With a force of four ounces!


FWIW
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Re: What Is Peng

Postby wayne hansen on Tue Apr 18, 2017 1:22 pm

SONGS OF THE EIGHT POSTURES

Attributed to T'an Meng-hsien
as researched by Lee N. Scheele

The Song of Peng

What is the meaning of Peng energy?

It is like the water supporting a moving boat.
First sink the ch'i to the tan-t'ien,
then hold the head as if suspended from above.
The entire body is filled with springlike energy,
opening and closing in a very quick moment.
Even if the opponent uses a thousand pounds of force,
he can be uprooted and made to float without difficulty.

This says it all
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Re: What Is Peng

Postby Steve James on Tue Apr 18, 2017 2:05 pm

Well, ok, the focus of Chen's book is not specifically chan ssu jin. You're right; there's a lot of other stuff. However,

The idea of neijin is brought up repeated in the book and if we're discussing peng jin as a core strength, neijin is very similar, if not synonymous.


This is why I stick with discussing the Yang classics. I don't study Chen or Chen theory. The Classics don't call pengjin a core strength or describe is as such. That's a modern thing. Neijin (or internal jin) is the same "core strength" for peng, lu, an, or ji. Hey, there are people who can explain it as something different; but, I can't and don't.

Secondly, the quote you took from Chen's "Illustrated" describes a technique, not an energy or jin.

At end of the section entitled Explanation of Taijiquan’s mechanism of development there is a poem
Verse 1
To conduct such techniques as Ward-off (Peng),
Roll-back (Lu), Press Forward ( Ji) and Push Down (Na),
You must indeed take the Truth to heart.
In order to properly perform such skills as Attracting (Yin),
Advancing ( Jin), Dropping (Luo) and Avoiding (Kong),
You must progress gradually, step by step.
The whole body follows your opponent –
Your closeness creates his difficulties, through which
You can then manipulate the momentum of a thousand pounds
With a force of four ounces!


He calls it a technique, and that's never the same as a jin. If I were a Chen practitioner, I would probably want to read Xin's book more thoroughly. But, from what I've read, Charles's suggestion to avoid it is probably valid. Well, for one thing, the book was finally translated in 2007. So, as I said, few people knew the contents; and the esoteric parts --that you'll see if you read-- seem far beyond the interest of a casual practitioner. For example, find the text on Googlebooks, and look at the table of contents. I congratulate the practitioner who understands and can transmit the details of the He River or Yellow River charts. I'm not sure how many Chen practitioners know these or know the book in general.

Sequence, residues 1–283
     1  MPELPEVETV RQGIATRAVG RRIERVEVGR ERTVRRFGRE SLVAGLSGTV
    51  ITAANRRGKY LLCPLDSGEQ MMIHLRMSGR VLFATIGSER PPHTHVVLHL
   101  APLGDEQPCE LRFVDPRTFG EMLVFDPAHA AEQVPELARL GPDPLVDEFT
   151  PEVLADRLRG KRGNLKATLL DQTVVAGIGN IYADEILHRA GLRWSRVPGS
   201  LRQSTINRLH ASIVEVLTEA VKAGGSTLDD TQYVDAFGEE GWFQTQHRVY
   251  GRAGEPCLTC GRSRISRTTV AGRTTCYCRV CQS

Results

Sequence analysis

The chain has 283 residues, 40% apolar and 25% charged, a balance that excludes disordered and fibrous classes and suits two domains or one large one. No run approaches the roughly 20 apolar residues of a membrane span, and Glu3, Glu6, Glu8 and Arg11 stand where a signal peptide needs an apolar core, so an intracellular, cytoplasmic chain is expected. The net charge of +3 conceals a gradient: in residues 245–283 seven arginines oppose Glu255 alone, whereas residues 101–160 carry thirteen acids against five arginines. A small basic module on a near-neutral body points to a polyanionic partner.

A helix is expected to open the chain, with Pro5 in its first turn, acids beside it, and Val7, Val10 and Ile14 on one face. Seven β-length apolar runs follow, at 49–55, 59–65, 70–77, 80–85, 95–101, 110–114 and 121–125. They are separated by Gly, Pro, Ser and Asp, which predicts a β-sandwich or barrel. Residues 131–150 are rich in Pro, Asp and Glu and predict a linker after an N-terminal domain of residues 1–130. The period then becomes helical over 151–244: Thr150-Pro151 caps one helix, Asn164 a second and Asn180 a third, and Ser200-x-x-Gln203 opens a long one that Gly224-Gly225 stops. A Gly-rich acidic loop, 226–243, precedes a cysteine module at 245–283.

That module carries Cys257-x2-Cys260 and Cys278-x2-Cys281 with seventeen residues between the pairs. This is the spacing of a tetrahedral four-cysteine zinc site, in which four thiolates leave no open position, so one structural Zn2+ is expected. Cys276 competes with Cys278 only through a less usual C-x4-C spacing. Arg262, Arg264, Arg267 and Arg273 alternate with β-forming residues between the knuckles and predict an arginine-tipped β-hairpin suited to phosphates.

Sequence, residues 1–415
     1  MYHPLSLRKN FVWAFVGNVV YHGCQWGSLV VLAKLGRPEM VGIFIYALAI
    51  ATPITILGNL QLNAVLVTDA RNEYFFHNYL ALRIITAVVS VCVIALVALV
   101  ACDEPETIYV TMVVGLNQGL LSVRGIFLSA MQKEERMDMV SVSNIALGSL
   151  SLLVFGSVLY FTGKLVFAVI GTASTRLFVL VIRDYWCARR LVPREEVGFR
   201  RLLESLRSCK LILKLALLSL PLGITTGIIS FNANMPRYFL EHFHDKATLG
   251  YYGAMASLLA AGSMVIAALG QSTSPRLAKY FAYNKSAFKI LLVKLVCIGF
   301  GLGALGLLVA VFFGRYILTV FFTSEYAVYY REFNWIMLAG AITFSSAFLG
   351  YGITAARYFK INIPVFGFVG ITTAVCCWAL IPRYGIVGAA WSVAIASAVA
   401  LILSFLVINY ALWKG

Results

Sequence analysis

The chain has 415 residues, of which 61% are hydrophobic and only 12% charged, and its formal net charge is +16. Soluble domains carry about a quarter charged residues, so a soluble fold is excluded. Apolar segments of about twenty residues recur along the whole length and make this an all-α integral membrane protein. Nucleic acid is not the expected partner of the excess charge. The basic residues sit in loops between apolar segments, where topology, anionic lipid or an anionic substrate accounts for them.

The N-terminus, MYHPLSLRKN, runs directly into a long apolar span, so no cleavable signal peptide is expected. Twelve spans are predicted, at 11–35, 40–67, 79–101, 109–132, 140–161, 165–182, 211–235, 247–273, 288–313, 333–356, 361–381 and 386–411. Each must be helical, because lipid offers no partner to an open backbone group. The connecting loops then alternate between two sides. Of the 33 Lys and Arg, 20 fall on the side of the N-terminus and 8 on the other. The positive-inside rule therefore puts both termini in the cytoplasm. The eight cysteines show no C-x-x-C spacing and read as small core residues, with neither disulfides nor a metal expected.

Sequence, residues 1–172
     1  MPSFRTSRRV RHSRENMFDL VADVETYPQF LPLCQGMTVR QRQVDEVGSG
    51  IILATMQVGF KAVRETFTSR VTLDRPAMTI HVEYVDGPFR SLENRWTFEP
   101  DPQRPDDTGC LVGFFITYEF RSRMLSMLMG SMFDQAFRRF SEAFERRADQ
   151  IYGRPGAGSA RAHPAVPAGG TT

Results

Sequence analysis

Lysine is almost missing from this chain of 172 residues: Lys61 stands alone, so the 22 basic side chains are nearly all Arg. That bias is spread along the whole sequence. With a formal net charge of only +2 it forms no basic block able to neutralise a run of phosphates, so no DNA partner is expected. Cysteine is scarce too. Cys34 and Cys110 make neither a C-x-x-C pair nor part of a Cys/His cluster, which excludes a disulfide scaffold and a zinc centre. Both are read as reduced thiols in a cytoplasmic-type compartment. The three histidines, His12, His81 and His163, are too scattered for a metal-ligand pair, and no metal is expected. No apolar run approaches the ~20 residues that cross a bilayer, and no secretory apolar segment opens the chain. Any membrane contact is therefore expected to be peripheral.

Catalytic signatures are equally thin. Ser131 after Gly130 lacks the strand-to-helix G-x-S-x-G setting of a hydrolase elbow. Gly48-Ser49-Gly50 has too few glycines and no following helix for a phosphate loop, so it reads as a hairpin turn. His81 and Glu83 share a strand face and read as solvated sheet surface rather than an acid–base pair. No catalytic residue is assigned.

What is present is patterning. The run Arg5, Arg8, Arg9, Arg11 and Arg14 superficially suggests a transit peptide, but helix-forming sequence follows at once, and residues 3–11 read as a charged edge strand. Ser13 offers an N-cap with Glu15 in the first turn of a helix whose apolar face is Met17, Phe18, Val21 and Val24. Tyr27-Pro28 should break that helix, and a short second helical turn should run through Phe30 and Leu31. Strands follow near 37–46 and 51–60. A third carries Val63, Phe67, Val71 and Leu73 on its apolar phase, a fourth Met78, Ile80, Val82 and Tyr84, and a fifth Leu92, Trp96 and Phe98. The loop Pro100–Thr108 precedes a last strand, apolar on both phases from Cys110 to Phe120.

The Yang "Songs" were and can be used as mnemonic devices for students. They're things that were said and written a century and more ago and are (or should be, imo) at the core of the "transmission." They serve a completely different function in the Yang lines as they do in the Chens. That is not a criticism, and not even a disadvantage in terms of practice. Plenty of people know the words. It's easy to say "lead him into emptiness, then use four ounces"... etc. There may even be lots of ways to accomplish it, which will ultimately come down to interpretation, and maybe even translation.

Btw, the main reason I came back to this thread was this part:

To conduct such techniques as Ward-off (Peng),
Roll-back (Lu), Press Forward ( Ji) and Push Down (Na),


I don't do Chen style, but I think the translator made a mistake with "Push Down." It should be "An", not "Na" (grasp, hold). In another oral tradition, there's a saying "Hua, na, da, fa," and I know how that's interpreted. But, I don't speak Chinese. So, maybe "Na" is another way to say push down. Ime, in the Yang/Wu tradition, that's not na. Ymmv.
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Re: What Is Peng

Postby robert on Tue Apr 18, 2017 2:53 pm

Hi Steve, Not a big deal, you said Chen Xin's "Illustrated" does not mention "peng" at all and I just wanted to correct that.
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Re: What Is Peng

Postby Giles on Wed Apr 19, 2017 8:32 am

charles wrote:
What is the meaning of Peng energy?

It is like the water supporting a moving boat.
First sink the ch'i to the tan-t'ien,
then hold the head as if suspended from above.
The entire body is filled with springlike energy,